Im getting my water tested this afternoon at the fish store (I don't have a testing kit) and if the water is safe, I'll probably put half of them in and keep half in the bucket for the moment. the algae problem is gone, i only added the plants I could salvage that wern't coated, and I was able to scrub the tank clean. I did not even bother washing the filter to preserve the colonies, all I did was take out one of the two trays of filter/sponge medium and replace it with ceramic medium. I have some Imagitarium Ammonia Remover, will this work in case of ammonia spike? Thanks!

The algae growth in the tank may be the reason there were so many shrimp. The shrimp feast on algae and bio film that grows on the substrate, glass, plants, etc. Obviously, you do not want it to grow so thick you cannot see inside the tank, but you do not want to get rid of all of it or your shrimp may starve.
 
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St4rving_4rtist

I did realize that when cleaning it out, so I tried to leave a thin layer on the back, but in retrospect there probably is not enough. I am supplementing them with Algae wafers at the moment, and some of the plants still have fairly high algae growth on them, and I am seeing some new algae growth on the glass. After testing the water, everything was fin except for pH, which was at around 6.0. I bought some pH increaser and am now re-testing the pH. If I can raise it, I will likely move more shrimp.
 
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Sanderguy777

I did realize that when cleaning it out, so I tried to leave a thin layer on the back, but in retrospect there probably is not enough. I am supplementing them with Algae wafers at the moment, and some of the plants still have fairly high algae growth on them, and I am seeing some new algae growth on the glass. After testing the water, everything was fin except for pH, which was at around 6.0. I bought some pH increaser and am now re-testing the pH. If I can raise it, I will likely move more shrimp.
Leave the ph alone IF you have the same ph as the seller. Otherwise you might shock the shrimp. If you need to raise the ph, then use the raiser once and then get a bit of crushed coral in the canister filter to slowly raise it over time
 
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St4rving_4rtist

Just checked the water I have left over from their old tank, and their pH before was also super low, so I guess i don't need to worry too much.
 
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Sanderguy777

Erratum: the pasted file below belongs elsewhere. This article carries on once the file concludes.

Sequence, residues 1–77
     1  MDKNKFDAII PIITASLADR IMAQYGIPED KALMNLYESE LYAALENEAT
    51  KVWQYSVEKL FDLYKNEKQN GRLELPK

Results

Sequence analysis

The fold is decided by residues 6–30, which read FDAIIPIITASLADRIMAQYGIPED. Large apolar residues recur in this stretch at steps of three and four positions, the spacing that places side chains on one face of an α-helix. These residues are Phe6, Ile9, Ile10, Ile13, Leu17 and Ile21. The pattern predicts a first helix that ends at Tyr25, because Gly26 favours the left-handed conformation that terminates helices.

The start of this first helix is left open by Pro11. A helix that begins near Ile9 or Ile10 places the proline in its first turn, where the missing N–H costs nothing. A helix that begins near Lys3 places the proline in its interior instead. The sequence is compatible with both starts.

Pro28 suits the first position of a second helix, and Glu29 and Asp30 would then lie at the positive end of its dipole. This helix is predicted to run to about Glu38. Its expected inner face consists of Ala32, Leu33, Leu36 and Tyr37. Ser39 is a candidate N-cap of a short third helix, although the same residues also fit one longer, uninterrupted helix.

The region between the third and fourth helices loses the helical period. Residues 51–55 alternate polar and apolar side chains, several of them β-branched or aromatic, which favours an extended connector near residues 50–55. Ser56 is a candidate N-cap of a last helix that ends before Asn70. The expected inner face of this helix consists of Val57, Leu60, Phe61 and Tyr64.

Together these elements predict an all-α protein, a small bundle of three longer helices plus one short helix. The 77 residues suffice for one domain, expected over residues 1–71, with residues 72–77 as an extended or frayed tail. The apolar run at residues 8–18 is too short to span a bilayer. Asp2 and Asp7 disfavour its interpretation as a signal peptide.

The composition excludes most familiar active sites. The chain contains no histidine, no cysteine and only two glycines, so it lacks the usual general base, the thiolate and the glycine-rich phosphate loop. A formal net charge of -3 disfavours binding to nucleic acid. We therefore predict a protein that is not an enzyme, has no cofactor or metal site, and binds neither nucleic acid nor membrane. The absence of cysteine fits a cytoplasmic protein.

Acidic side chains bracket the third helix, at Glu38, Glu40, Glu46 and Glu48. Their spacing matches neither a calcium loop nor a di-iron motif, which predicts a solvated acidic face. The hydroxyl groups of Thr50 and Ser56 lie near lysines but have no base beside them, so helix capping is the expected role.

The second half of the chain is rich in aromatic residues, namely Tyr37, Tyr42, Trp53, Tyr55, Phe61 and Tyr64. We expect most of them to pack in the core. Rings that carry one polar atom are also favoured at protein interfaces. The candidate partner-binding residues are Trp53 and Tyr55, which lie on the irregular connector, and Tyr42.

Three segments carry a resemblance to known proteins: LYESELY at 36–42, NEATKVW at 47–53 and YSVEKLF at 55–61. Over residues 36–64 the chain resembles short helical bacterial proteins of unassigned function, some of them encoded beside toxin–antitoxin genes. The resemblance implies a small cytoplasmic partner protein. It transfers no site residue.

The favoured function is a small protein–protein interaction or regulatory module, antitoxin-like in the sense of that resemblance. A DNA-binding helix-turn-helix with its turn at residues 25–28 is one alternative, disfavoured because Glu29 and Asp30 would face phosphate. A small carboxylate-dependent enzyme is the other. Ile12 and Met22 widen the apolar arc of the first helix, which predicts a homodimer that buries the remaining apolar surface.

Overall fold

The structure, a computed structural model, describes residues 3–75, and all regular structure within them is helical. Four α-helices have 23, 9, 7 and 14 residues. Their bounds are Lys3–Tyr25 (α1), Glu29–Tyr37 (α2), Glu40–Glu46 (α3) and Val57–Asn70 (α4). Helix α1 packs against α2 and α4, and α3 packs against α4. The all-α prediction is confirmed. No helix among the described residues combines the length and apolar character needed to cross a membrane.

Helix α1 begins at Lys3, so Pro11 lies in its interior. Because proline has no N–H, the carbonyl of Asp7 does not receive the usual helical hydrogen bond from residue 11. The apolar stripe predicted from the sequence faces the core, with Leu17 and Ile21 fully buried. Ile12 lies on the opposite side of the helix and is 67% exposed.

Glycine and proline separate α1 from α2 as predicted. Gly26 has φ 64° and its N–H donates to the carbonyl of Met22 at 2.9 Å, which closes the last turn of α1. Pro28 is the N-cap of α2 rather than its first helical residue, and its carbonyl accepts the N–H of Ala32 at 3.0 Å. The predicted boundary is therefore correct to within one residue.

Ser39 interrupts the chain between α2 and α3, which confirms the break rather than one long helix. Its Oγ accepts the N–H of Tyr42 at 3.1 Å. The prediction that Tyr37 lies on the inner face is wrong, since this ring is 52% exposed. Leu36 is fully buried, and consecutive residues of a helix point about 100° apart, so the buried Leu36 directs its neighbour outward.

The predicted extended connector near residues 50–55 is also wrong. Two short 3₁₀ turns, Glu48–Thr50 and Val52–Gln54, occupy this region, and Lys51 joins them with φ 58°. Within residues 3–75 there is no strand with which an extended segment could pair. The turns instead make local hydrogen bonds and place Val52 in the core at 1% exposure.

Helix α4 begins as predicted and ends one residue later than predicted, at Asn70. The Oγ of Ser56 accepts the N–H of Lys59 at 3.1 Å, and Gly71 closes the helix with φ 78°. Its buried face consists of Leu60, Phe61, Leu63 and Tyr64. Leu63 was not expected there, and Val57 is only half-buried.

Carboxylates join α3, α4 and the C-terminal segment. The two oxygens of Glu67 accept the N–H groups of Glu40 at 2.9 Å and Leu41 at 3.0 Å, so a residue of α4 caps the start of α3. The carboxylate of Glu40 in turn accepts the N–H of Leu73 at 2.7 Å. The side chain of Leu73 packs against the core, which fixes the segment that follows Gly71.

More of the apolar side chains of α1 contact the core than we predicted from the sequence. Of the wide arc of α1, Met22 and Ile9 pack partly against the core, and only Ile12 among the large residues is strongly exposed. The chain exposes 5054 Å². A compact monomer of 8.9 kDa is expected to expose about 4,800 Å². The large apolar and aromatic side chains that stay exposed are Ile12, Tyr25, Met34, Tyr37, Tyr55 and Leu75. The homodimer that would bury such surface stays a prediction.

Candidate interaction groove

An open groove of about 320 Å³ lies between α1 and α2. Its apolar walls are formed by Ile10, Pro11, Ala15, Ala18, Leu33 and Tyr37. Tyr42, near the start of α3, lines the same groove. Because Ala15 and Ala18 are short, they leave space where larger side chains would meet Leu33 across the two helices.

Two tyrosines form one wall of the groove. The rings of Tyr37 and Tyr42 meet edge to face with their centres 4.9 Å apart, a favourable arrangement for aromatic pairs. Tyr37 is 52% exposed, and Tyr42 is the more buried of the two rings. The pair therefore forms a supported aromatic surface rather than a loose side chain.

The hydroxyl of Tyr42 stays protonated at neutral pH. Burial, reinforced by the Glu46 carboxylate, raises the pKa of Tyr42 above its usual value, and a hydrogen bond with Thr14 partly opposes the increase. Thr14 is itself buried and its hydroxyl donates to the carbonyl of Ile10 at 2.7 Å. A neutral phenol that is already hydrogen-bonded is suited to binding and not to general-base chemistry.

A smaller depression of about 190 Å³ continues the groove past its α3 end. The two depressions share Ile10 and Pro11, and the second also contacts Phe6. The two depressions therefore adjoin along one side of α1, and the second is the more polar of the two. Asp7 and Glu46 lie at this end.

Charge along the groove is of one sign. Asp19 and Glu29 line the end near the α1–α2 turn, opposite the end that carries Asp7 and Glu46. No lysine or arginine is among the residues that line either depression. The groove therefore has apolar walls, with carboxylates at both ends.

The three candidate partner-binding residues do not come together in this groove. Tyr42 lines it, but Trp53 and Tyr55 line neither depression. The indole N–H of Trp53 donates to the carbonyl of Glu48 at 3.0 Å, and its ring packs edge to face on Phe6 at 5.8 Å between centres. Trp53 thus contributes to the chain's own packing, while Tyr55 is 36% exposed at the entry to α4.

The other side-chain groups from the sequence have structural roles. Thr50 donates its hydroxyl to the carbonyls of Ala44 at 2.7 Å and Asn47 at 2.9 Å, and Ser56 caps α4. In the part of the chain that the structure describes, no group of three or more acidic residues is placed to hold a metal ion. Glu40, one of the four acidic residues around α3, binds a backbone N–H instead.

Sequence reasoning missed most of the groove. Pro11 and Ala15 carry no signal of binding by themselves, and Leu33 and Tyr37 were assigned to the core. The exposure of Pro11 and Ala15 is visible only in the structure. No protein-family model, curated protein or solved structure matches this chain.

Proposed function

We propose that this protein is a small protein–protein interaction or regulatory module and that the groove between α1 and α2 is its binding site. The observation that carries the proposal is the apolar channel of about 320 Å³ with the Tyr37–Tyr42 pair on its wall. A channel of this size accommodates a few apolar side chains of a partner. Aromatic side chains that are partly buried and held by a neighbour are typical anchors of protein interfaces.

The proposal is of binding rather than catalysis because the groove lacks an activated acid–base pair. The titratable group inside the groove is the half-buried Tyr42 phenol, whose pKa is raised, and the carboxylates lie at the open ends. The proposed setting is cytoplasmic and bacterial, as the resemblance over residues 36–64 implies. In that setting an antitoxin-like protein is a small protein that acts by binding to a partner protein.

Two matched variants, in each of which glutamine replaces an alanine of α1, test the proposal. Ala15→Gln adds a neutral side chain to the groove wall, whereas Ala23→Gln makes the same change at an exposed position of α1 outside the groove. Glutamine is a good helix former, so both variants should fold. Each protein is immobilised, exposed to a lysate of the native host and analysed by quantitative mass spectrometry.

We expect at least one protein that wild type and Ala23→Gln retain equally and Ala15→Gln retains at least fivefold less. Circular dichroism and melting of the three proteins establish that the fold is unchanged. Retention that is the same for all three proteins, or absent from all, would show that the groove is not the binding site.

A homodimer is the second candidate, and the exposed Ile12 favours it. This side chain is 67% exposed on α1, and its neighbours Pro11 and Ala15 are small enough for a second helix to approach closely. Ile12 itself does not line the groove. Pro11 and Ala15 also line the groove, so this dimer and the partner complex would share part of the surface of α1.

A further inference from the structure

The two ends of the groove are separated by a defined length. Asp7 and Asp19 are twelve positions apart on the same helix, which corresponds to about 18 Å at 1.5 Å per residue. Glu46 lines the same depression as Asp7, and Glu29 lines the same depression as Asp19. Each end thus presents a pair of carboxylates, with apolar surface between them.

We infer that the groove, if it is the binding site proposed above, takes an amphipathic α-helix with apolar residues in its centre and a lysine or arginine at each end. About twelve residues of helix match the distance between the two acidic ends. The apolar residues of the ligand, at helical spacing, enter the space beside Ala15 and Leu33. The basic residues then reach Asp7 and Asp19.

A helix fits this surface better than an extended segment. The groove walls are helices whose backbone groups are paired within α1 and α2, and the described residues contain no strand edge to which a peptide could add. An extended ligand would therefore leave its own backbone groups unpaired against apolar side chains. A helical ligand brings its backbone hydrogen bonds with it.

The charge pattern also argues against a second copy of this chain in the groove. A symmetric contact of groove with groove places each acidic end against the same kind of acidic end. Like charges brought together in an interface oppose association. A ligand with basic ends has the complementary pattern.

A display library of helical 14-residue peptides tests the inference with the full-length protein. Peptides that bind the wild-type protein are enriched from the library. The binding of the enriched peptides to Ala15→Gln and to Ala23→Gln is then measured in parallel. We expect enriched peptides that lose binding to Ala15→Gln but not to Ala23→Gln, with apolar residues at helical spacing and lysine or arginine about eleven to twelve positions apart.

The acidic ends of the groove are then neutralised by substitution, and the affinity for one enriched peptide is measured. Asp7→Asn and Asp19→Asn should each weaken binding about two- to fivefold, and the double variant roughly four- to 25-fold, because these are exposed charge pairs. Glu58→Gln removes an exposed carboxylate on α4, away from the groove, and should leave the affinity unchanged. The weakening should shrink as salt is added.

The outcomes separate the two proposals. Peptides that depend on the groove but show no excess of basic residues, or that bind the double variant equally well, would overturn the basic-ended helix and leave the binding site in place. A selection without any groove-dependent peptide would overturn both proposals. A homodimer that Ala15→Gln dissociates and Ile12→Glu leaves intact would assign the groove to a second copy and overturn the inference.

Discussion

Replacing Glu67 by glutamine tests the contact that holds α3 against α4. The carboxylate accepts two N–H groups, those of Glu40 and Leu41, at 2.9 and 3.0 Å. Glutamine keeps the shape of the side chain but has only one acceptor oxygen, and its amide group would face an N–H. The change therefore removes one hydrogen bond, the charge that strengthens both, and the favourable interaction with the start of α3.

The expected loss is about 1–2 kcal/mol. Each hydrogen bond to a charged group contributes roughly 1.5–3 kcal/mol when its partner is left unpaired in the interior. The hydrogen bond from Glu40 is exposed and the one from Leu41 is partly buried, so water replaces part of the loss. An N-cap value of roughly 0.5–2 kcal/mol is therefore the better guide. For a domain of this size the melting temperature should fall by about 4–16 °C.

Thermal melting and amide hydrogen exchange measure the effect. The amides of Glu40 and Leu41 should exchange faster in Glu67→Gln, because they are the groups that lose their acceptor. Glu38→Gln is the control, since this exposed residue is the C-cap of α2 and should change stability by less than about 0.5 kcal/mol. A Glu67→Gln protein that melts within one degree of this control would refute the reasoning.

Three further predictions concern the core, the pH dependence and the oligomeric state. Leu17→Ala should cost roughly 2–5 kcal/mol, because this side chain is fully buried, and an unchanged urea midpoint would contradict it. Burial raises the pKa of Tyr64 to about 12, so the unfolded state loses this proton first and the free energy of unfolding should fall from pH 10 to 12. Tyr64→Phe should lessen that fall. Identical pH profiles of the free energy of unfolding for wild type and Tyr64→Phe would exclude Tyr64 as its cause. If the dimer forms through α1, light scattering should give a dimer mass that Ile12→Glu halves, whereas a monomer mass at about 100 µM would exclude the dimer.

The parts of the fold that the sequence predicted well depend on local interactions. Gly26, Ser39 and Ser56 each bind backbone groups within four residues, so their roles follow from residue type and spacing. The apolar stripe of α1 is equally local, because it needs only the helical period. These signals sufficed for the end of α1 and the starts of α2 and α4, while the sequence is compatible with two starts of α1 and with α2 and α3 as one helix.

Just checked the water I have left over from their old tank, and their pH before was also super low, so I guess i don't need to worry too much.
What kind of shrimp are they?
 
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AcornTheBetta

IMO the tank is definitely worth it.
 
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St4rving_4rtist

They are a mixed grade of cherry shrimp, most of them are only weeks old, but there are a good amount of some larger males and females. All of them were from the old tank. Pics of the current setup attached
 

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St4rving_4rtist

Also, if anyone knows aquarium plants, I'd love some help identifying what I have in here!
 
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Sanderguy777

Also, if anyone knows aquarium plants, I'd love some help identifying what I have in here!
The one on the bottom right looks like a java fern...
That driftwood will help lower the ph, so even if it isnt perfect now, it should drop a bit over time.
 
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St4rving_4rtist

Update: This is the current water parameters on the 20g - pH: 6.4, Ammonia: 0.25ppm, Nitrite: 0ppm, Nitrate: 10ppm. Is this safe for the cherry shrimp? Should i wait longer? I have added a few already, and they all seem to be doing fine, but I haven't gone all in.
 
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jkkgron2

Maybe do a small water change to remove the ammonia and then you should be good.
 
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Sanderguy777

Maybe do a small water change to remove the ammonia and then you should be good.
I second that.
 
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St4rving_4rtist

will do!
 
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RayClem

If you don't have a test kit, I highly recommend you get one. About the cheapest price I have seen for an API Master Test Kit is $23.22 on Amazon, but you might want to support your LFS.

Unfortunately, the test kit does not include GH and KH, but you can purchase those separately for another $12.75. If you tap water is usable and reasonably consistent through the year, you might not need the later. I make up my aquarium water from RO water and add back minerals, so testing GH and KH is important for me, but not for everyone.